In the other group, inmates and students made fleece tie blankets together. While they made the blankets, students encouraged inmates to talk about the types of hardships victims at domestic abuse shelters experience, why children in foster care can be considered victims and why children in juvenile group homes can be considered victims of the system. When the project was finished, the inmates voted to give the 30 blankets they had made to three victim groups: children at risk or in foster care, victims of intimate partner violence and their children and juveniles residing in a group home setting.
Students participating in the victim impact programs included: Cassidy Babcock, Parker Banghart, Deanna Bingham, Amelia Bormann, Tucker Code, Brooke Courtney, Aaron Galindo, Henry Karlzon, Martin McClure, Melanie Minervini, Joseph Nelson, Megan Okane, Brooke Posey, Kali Reiman, Payden Salm, Ashley Seefeldt, Isaac Smith, Kailyn Teeter, Calen Terry, Gina Thul, Lydianne Trush, Jordan Williams, Katelyn Winther, Brooke Yokiel, Levi Zacharyasz and Lindsey Zettle.
“My biggest take away from our class trip to the prison was how interactive the inmates were and how much they really want to get the help they need,” said Galindo, a senior criminal justice major from Sparta, Wisconsin, who wants to be a police officer. “It was interesting to see and hear their stories and how much their lives in prison have affected not just their lives but also the lives of their friends and families.”
“This collaboration encourages experiential learning at its best,” said Lisa Pettera, program supervisor at Prairie du Chien Correctional Institution. “Students take what they’re learning in the classroom and put it into practice. Criminal thinking includes a failure to see other perspectives and these discussion groups encourage inmates to broaden their understanding of the impact of their crimes. It’s a unique opportunity for them to grow and to consider how they can take responsibility for their actions and return to their communities as participants rather than periphery. I see signs of that growth in conversation with inmates after each program that we do. Inmates tell me it is the most worthwhile program they have ever participated in and other inmates are already asking to participate in the next program.”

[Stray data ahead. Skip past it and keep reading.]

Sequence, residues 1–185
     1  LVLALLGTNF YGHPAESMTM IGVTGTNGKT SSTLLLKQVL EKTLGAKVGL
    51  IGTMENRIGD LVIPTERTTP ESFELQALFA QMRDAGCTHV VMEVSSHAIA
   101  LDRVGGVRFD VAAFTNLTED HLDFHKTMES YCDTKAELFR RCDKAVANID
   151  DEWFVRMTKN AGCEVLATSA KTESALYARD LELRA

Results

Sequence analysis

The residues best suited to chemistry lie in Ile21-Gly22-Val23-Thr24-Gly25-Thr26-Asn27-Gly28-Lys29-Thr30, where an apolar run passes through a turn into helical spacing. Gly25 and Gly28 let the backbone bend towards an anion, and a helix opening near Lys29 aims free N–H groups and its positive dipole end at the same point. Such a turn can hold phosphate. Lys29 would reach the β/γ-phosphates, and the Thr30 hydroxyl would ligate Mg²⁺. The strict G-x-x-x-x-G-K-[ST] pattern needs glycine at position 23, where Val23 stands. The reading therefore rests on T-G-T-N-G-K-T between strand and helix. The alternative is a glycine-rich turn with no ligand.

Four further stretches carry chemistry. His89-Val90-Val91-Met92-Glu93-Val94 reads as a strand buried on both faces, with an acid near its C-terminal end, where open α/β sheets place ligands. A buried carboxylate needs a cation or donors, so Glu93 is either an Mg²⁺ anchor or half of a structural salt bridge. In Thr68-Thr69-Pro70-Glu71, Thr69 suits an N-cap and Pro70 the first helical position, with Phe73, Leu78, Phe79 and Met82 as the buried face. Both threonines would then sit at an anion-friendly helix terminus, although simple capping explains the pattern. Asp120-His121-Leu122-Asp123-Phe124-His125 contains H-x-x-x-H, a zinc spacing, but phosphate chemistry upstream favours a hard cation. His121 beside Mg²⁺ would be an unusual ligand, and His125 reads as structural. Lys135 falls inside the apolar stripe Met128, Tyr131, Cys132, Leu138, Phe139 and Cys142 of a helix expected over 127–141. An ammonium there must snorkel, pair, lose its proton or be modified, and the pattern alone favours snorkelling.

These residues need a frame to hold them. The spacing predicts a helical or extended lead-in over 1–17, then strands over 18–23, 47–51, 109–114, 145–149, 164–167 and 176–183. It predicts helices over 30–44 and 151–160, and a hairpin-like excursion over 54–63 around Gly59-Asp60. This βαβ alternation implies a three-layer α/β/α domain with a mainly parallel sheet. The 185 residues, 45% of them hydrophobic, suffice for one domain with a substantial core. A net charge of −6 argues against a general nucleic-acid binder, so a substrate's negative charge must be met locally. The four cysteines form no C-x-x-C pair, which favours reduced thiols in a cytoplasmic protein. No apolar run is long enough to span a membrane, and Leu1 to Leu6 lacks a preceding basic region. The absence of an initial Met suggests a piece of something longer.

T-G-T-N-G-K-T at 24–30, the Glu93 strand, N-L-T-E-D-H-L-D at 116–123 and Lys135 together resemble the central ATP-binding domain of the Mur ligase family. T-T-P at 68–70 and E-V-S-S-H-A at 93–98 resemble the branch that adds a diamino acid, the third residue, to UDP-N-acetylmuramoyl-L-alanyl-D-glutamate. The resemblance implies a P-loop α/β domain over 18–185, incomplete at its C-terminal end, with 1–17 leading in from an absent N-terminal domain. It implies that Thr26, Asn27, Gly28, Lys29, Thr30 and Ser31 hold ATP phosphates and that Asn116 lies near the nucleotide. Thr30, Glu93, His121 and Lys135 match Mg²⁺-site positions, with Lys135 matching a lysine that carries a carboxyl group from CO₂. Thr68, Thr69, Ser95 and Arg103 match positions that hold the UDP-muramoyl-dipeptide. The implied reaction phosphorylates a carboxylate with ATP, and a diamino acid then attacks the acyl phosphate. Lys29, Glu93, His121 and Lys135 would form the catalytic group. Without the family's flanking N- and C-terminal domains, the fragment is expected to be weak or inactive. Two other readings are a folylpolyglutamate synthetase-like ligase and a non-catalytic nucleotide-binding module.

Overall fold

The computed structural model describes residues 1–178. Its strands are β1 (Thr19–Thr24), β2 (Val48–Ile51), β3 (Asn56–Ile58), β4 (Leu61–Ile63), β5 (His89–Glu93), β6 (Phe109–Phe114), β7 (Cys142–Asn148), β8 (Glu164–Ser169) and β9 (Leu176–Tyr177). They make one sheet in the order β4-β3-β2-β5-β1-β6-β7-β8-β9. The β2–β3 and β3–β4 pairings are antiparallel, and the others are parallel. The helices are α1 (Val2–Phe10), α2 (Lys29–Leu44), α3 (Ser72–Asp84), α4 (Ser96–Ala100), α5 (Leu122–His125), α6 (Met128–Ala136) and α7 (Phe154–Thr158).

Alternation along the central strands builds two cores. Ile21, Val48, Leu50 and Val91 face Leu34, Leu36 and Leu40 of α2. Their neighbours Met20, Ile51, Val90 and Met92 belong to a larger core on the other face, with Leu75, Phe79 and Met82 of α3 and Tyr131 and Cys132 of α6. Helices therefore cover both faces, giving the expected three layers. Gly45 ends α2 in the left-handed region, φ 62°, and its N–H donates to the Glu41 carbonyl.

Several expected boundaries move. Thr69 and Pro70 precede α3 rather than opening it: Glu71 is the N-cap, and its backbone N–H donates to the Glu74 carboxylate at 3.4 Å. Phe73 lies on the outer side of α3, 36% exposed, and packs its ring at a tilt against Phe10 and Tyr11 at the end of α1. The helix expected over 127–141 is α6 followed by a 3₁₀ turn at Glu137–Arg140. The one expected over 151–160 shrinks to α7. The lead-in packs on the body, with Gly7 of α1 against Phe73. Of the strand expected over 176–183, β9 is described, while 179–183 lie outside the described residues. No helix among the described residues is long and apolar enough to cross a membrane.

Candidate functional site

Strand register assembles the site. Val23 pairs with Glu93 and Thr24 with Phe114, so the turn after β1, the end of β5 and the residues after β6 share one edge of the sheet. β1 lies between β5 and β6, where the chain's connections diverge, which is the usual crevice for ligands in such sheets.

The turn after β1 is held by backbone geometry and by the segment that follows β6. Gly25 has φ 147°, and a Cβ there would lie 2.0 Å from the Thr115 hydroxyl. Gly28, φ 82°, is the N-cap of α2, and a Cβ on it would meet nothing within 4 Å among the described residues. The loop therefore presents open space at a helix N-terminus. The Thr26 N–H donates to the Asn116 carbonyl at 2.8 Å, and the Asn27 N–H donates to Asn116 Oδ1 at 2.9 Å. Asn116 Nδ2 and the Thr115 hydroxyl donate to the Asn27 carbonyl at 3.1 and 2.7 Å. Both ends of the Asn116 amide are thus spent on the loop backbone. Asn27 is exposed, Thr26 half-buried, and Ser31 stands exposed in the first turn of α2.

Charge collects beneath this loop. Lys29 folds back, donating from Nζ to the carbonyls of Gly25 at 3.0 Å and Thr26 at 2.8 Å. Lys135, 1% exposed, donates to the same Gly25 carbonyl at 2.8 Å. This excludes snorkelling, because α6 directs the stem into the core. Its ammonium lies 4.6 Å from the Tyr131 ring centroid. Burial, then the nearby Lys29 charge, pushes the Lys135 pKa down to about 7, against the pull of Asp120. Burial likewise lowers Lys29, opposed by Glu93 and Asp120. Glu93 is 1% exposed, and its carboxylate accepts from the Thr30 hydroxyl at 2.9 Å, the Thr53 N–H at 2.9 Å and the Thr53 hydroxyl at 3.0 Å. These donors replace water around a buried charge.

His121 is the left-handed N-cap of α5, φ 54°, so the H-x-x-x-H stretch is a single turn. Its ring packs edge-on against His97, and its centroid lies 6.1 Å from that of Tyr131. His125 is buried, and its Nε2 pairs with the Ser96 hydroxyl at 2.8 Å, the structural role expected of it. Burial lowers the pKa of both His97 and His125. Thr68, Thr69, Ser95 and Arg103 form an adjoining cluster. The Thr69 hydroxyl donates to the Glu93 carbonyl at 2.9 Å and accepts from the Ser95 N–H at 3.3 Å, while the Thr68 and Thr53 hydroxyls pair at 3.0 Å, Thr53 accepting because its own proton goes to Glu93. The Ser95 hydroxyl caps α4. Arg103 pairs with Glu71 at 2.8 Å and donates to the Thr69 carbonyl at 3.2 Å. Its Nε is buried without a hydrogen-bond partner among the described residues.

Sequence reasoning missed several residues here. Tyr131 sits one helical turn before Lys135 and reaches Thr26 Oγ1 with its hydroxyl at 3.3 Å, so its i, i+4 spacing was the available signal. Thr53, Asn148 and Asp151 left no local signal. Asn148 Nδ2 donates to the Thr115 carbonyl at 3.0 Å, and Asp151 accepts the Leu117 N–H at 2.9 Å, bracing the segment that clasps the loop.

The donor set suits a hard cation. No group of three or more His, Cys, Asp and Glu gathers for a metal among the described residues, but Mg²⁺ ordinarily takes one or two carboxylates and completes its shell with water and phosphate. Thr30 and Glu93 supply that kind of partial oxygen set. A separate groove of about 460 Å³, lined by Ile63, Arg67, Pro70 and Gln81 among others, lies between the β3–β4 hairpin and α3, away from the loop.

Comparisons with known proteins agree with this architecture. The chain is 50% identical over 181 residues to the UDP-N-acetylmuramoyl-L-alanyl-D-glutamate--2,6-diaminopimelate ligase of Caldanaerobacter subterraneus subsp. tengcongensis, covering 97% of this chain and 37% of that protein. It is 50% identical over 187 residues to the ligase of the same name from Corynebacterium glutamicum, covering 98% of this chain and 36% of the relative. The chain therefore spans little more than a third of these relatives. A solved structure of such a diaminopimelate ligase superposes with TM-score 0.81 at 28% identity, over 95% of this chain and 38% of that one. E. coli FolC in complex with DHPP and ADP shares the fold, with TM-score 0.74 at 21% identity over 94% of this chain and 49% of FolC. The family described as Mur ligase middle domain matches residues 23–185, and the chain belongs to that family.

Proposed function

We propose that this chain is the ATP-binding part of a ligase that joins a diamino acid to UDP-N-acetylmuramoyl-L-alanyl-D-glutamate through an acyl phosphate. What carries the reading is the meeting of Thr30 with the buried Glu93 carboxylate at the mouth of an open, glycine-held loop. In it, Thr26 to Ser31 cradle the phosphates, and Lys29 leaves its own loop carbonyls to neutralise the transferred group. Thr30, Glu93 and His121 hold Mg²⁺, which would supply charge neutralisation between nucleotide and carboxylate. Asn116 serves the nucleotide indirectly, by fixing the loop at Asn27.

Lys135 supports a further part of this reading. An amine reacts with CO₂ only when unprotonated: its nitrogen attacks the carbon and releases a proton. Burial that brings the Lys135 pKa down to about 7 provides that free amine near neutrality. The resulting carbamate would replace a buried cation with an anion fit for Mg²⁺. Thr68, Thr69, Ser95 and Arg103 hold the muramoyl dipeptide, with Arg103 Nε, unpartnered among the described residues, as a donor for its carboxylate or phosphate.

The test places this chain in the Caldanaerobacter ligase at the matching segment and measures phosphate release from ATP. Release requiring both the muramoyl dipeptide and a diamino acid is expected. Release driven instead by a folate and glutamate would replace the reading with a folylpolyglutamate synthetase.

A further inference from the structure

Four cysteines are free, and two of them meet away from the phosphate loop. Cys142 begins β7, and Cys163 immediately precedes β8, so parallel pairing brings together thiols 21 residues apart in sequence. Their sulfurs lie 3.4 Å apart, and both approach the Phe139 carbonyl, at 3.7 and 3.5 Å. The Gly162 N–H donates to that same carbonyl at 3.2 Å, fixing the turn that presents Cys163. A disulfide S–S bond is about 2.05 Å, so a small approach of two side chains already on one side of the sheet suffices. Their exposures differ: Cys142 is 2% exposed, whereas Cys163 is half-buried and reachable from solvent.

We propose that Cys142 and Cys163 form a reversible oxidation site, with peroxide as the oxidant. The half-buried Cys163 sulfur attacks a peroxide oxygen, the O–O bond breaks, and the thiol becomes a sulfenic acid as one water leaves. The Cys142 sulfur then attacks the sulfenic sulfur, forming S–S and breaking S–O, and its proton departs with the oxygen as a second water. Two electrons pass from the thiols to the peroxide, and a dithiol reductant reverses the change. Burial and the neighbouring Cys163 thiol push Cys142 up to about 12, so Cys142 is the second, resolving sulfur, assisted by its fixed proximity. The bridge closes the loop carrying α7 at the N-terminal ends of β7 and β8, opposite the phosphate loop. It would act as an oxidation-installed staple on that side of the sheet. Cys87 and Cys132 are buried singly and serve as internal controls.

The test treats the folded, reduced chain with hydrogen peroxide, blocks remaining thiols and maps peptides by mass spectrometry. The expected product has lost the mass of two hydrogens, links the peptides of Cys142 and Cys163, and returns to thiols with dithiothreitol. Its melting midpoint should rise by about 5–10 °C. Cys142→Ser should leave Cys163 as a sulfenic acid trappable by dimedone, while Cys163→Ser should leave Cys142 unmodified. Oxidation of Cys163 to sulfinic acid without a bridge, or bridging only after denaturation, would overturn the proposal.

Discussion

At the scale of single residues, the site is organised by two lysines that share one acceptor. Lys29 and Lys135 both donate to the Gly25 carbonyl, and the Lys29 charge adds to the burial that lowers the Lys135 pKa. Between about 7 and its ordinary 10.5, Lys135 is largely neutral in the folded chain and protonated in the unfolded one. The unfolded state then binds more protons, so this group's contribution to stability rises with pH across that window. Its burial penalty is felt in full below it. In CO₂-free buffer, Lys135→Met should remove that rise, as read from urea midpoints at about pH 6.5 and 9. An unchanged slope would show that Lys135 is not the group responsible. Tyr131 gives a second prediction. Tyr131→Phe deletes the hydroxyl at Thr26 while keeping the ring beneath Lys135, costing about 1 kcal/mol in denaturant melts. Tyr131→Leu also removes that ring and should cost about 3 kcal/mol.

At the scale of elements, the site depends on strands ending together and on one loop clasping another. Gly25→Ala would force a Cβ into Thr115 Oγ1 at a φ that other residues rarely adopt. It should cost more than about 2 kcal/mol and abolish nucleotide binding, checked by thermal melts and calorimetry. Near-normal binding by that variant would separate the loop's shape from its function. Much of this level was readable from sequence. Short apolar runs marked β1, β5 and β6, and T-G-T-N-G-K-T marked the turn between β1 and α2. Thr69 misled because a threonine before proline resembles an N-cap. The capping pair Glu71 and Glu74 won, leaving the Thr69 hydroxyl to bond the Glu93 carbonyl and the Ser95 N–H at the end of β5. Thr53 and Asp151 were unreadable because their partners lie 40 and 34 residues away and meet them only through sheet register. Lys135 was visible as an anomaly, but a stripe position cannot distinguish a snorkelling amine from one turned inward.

“Talking about the value of restorative justice in the classroom is one thing,” said Nemmetz. “Facilitating restorative justice activities with offenders in a correctional institution is another, and can be a life changing experience for the students. Many students note that working with the inmates led to them to think about a position in the field of corrections in lieu of law enforcement because they want to help offenders make better decisions in the future.”
“Participating in the restorative justice program at PDCI has truly impacted me in a positive way,” said Babcock, a sophomore criminal justice major at UW-Platteville from Hudson, Wisconsin. “It has been truly eye-opening to see that criminals can change and work to repair the harm they have caused. I enjoyed working with the inmates through this program and it has made me realize that this is something that I would like to continue doing as a career. It has been a blessing to be a part of something that makes such a positive impact on inmates, victims and the community.”
As UW-Platteville pursues its vision of being recognized as the leading student-focused university for its success in achieving excellence, creating opportunities, and empowering each individual, it is guided by four strategic planning priorities. The victim impact programming aligns with the priorities of providing an outstanding education, fostering a community of achievement and respect, and enriching the tri-states.
Written by: Laurie Hamer, College of Liberal Arts and Education, 608-342-6191, firstname.lastname@example.org